Smirr loved to sit on the couch between us as we watched stuff on TV or streaming, his eyes half-closed with a feline grin, and purring so loudly we sometimes had to up the volume.

Then this past December, he started sleeping even more, playing even less, and throwing up. We took him to the vet, who ran some tests, found some things that could be expected in an older cat, and a couple of possible causes for concern. He got a shot, and some medication, and seemed to be bouncing back, but then went rapidly back downhill in January. He wasn’t eating much, and was losing weight fast. More tests, removal of major fecal blockage in the intestines, a couple good days when he was more alert and was eating again, then a really scary convulsion, and a rush to emergency. A lot more tests, mostly inconclusive, but pointing toward cancer, and other problems probably triggered by it. We were force-feeding him and dosing him with multiple meds, traumatic for all of us. And he just kept losing weight, faster and faster.

Chemo gave him one good day last week. He ate a little on his own, and was moving better, so he even got a little walk outside in the sun. But the next day, he was right back down. Thursday, he stopping drinking water, and spent a lot of time in dark hidey holes.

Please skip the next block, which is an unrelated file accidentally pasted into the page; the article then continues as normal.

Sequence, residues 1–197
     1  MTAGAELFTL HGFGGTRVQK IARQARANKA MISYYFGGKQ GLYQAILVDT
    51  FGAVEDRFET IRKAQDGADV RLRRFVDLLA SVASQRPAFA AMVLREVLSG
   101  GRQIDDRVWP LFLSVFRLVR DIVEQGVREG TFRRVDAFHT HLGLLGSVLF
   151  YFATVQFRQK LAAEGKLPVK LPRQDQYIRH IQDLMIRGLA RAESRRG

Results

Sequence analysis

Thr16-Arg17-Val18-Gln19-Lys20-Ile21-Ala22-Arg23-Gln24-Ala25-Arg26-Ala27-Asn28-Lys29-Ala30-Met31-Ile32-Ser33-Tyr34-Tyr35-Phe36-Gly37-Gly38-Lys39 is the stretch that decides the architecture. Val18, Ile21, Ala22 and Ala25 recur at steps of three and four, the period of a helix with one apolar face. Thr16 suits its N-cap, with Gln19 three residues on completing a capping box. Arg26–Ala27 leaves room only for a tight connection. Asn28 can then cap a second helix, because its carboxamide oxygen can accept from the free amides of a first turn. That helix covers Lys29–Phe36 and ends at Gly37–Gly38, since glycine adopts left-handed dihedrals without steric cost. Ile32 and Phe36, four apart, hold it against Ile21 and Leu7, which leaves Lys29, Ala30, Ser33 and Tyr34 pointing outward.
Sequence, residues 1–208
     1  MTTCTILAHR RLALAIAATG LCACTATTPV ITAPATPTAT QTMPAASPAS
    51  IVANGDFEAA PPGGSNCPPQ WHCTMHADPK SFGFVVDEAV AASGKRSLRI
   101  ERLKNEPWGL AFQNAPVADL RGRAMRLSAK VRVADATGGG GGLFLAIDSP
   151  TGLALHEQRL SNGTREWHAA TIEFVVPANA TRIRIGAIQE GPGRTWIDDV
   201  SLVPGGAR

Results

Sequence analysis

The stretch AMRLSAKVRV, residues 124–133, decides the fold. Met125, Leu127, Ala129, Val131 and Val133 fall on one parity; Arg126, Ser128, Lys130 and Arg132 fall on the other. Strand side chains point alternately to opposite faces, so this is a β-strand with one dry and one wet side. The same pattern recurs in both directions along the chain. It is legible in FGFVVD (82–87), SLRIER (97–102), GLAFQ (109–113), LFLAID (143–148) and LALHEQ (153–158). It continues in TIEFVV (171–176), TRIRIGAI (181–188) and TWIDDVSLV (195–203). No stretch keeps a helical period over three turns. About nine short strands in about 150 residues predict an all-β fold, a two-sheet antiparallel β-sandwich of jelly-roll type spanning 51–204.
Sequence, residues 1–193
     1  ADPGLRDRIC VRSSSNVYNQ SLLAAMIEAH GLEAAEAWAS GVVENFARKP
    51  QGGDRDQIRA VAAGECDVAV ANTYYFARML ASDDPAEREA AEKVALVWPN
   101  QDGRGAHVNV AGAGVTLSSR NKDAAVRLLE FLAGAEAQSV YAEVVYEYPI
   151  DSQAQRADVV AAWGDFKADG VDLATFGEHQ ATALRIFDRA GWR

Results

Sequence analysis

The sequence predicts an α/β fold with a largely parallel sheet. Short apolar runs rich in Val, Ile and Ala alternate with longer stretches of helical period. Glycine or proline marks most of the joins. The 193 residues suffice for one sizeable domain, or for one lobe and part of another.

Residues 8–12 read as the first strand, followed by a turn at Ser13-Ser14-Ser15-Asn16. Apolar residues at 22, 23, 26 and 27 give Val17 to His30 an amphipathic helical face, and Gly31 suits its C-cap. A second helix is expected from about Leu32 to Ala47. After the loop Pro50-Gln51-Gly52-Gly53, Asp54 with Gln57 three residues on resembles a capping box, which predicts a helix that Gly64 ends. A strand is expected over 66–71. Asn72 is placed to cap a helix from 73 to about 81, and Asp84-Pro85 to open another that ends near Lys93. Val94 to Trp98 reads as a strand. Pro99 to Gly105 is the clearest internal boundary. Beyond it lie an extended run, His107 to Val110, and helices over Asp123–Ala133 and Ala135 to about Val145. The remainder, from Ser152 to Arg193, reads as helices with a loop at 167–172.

As sick as he was, he still had a little purr for us when we held him– it broke our hearts.

So Friday, February 3, was his last day – my husband and I cried unashamedly, but then he took Smirr to the vet – a far kinder end than we humans allow for our own kind with late-stage terminal cancer.

The older I get, the less likely it seems that there’s something after death, especially for Homo sapiens, we who claim such specialness, but keep making the same mistakes over and over again, on ever grander scales, and now seem so intent on self-extinction, and taking a large part of the rest of the planet’s inhabitants with us.

The only thing I know for sure about the “after life” is that you live in the memories of the people who love you. So Smirr, here’s to your Ninth Life, and all the joy and love you brought into our lives. We were your family for a little over two years, but so many memories are crammed into that little space of time.


Wilderness Lost     

      (for Bramble, my cat)

by May Sarton


She was the wilderness in me
The secret solitary place
Where grow the healing herbs.
We had recognized each other
Years ago; the bond was deep.
Now since her death
Two seasons ago